Way before the COVID-19 pandemic hit, we took a trip to New York City for a day of history and adventure aboard the historic aircraft carrier, USS Intrepid. It was Kids’ Week and the queue was long but it was worth it. Apart from having one of the most varied aircraft collections on the East Coast, it has interactive exhibits, flight simulators, submarines and a space shuttle pavilion. Many of the exhibits are tailored towards kids, even without all the story-telling, music and crafts that accompanied Kids’ Week. All five of the U.S. armed forces (The Army, Marine Corps, Navy, Air Force and Coast Guard) are represented through these displays.
Here’s a little about the Intrepid itself lifted straight from their website. “Launched in 1943, the former aircraft carrier USS Intrepid fought in World War II, surviving five kamikaze attacks and one torpedo strike. The ship later served in the Cold War and the Vietnam War. Intrepid also served as a NASA recovery vessel in the 1960s. It was decommissioned in 1974, and today is berthed on the Hudson River as the centerpiece of the Intrepid Sea, Air and Space Museum.”
Above is a picture of the North American FJ-3 Fury. The original type was introduced to active service in 1955. The museum’s collection represents some of the finest in military aviation but I didn’t get to take photos of all of them. Neither have I documented the experiences aboard the record-breaking Concorde and its sophisticated flight deck. If you are wondering which record it broke, well, it crossed the Atlantic in 2 hours, 52 minutes and 59 seconds on February 7, 1996.
Shown above is one of the four propellers that moved the Intrepid and together they could reach maximum speeds approaching 32 knots. Today’s aircraft carriers travel at about the same speed. The Intrepid was scheduled to be towed away from Pier 86 for repair work in the November of 2006. But her propellers were stuck in the mud at the bottom of the Hudson River and she did not budge from her spot. A month later, a team of tugboats managed to pull her free, and after removing all four propellers, she was dry-docked in 2007.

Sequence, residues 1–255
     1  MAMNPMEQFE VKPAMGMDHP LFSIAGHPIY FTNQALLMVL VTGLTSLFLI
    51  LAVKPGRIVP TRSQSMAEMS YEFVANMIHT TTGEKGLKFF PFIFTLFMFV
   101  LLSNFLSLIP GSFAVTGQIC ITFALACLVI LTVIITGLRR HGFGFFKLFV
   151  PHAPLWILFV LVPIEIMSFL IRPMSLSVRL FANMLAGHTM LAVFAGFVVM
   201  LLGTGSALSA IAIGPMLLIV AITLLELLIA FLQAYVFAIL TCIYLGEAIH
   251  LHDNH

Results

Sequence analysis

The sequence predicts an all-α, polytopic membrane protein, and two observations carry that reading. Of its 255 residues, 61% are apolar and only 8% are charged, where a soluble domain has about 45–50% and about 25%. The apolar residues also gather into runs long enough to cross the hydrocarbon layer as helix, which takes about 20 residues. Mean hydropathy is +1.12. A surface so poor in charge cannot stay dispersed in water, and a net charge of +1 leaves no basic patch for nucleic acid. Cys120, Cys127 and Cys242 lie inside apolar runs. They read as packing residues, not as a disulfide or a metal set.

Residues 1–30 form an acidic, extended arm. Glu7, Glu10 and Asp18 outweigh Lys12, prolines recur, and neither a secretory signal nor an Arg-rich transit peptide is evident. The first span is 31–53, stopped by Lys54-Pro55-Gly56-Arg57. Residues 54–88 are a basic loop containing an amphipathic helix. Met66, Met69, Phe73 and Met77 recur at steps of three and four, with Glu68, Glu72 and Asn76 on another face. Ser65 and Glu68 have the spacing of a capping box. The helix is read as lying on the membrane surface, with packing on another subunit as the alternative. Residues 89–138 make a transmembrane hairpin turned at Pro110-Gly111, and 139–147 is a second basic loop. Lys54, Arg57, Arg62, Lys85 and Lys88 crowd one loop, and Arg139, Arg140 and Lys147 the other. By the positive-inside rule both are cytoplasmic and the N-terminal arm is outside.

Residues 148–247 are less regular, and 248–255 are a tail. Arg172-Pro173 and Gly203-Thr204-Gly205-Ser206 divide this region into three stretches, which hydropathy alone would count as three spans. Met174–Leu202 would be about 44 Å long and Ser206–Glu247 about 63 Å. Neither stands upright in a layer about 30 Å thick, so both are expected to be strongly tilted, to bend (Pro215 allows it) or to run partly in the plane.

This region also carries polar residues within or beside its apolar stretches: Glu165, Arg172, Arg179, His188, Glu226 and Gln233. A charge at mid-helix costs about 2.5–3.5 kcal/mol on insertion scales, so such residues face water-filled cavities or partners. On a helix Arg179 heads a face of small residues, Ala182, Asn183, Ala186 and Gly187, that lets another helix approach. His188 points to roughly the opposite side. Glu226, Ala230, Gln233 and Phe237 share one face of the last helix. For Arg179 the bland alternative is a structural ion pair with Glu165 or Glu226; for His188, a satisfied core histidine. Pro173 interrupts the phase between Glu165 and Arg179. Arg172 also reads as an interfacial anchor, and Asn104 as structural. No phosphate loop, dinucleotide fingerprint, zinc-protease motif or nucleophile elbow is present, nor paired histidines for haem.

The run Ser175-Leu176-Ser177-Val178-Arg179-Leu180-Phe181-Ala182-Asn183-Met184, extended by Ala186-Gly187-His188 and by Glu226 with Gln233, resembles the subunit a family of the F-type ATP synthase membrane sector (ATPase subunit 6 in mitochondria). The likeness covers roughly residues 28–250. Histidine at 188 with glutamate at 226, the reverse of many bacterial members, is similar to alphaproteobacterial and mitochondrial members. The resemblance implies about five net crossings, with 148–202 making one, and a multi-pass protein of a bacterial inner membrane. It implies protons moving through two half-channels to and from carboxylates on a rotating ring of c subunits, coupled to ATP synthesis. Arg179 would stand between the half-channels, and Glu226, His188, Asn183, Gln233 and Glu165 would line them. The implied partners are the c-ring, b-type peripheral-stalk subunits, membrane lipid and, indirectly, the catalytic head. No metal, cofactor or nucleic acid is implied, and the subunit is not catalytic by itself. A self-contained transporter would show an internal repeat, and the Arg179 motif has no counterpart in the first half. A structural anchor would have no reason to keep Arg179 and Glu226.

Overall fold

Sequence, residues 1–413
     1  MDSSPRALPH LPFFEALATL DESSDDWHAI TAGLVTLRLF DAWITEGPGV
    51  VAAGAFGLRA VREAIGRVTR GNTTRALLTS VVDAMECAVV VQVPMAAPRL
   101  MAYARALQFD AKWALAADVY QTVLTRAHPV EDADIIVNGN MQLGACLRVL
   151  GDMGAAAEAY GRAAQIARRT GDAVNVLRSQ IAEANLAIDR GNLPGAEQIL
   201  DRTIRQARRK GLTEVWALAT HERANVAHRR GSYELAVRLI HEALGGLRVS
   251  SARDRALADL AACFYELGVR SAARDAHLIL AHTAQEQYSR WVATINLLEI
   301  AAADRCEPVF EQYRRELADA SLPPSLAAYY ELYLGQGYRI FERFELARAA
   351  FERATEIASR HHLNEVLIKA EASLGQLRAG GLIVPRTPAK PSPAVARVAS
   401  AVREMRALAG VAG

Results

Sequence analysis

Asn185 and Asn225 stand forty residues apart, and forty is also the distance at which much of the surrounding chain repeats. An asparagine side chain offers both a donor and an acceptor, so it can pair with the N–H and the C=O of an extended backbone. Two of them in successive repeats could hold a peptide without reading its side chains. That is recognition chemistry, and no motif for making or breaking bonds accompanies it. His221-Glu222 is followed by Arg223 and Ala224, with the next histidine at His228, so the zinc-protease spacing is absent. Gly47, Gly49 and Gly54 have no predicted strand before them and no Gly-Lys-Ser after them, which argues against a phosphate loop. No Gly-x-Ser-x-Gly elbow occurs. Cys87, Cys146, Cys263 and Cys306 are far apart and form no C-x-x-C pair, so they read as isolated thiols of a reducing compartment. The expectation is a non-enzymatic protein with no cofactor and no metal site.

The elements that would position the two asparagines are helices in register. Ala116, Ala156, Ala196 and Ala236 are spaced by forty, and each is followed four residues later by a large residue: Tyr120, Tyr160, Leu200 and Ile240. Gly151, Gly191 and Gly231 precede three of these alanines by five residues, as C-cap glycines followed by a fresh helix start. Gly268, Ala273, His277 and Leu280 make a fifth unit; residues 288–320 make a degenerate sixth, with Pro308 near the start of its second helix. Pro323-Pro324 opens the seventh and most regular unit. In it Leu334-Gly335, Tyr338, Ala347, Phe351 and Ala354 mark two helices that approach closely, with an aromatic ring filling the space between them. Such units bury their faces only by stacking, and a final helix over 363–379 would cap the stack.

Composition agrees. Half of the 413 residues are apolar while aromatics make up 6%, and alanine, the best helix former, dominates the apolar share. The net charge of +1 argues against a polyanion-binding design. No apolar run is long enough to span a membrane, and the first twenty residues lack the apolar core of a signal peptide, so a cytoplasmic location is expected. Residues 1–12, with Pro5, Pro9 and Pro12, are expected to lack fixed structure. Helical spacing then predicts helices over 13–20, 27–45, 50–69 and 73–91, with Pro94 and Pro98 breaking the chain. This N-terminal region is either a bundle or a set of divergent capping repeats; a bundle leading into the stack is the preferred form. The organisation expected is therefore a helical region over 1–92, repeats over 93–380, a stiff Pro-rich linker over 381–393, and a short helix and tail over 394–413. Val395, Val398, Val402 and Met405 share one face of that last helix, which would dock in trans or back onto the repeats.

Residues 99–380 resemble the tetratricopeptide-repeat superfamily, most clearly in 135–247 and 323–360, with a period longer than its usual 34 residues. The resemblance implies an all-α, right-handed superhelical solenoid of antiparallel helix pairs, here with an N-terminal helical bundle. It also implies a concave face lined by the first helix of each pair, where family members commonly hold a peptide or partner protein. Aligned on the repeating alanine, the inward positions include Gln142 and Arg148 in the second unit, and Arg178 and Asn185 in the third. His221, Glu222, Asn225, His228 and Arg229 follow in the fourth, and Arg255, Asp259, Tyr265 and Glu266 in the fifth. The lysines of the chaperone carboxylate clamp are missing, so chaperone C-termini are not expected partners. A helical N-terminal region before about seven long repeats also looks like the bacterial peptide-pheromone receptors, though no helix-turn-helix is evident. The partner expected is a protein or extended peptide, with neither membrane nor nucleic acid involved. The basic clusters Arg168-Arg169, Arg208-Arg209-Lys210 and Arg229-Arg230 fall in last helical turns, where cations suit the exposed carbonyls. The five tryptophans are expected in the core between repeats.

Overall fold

Now you know why kids love this place.
Open air exhibits gave kids more place to run around.
Catch me if you can!
I enjoyed Kids’ Week a little more than I should have, especially while listening to Fortunately, a fabulous book by Remy Charlip.
This 6’x 6′ LEGO mosaic is composed of over 50,000 bricks in 20 different colors and as you step away from it you can see the pattern of Enterprise atop the Shuttle Carrier Aircraft emerge. Conceptualized by Master Builder Ed Diment, hundreds of people built this mosaic collectively from July 26-28, 2013.
Intrepid was an early adapter when it came to having a full-size elevator on the edge of its decks. “Measuring roughly 60 feet by 34 feet, the elevator could move an aircraft that weighed up to 30,000 pounds from the hangar deck to the flight deck in just 10 seconds!” This amazing feature allowed Intrepid’s crew to quickly access the aircraft and get ready for missions. It was also used for recreational purposes.
The elevator became operational again in 2008, but it’s much slower now, so we had ample time to take in the Manhattan skyline and a learn a bit of history. By the way, Radio City Music Hall uses a similar technology to raise and lower the stage.
It was one of those winter afternoons, when a blue-gray New York sky stole the thunder from the exhibits for a rather long-ish spell.
Now it’s Spring and the dreaded virus has spread farther than we could have ever imagined. We are staying home. To all the nurses and doctors, delivery people, grocery store workers, and other essential job holders, we are beyond grateful.